"The housing boom of the last decade helped push minority home ownership rates above 50 percent for the first time in 2004," according to a New York Times article.
Subprime lending allowed those who perhaps couldn't truly afford homes to buy them anyway. Now that interest rates are readjusting and mortgage payments are skyrocketing, many people are being forced out of their homes.
"The increase in foreclosures could be the first of a wave of financial distress for many minority homeowners, experts say, because they are twice as likely as whites to have taken out expensive subprime mortgages," according to the article.
"Neighborhoods where the population is more than 80 percent non-white account for 65 percent of all cases" of foreclosure activity, according to the article, which cites data from the National Training and Information Center. "The same trends have been documented in Atlanta and Philadelphia, according to researchers from Harvard and the Reinvestment Fund."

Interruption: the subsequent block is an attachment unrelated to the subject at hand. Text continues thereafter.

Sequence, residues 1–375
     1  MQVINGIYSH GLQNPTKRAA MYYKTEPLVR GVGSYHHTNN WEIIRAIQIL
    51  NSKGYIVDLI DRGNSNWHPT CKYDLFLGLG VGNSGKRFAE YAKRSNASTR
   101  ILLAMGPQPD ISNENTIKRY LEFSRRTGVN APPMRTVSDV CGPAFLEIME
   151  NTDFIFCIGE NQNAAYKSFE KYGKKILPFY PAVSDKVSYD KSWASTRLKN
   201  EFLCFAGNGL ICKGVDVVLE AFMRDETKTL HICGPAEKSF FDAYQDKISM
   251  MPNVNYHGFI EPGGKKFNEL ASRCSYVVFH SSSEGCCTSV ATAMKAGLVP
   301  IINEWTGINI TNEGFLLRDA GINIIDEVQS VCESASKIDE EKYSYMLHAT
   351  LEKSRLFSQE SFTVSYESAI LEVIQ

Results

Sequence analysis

"For all the talk of expanding opportunities to the less well-off [by providing mortgages to borrowers with low income and little to no down payment or credit history], experts note that the gap between minority and white home ownership remains unchanged from a decade ago at about 25 percentage points," according to the article.
"Minorities are far more likely to receive subprime loans than whites. About 30 percent of home purchase loans made to blacks from 1999 to 2004 and 20 percent of home loans made to Hispanics were subprime," according to the article. These are the homeowners whose mortgages are readjusting, who can no longer afford their monthly mortgage payments, who are facing foreclosure.
What really needs to be expanded--to minority communities especially--is personal finance education. People need to understand how to save, borrow and invest responsibly. Many people who are now facing foreclosure didn't understand the situation they were getting themselves into when they signed those mortgage documents.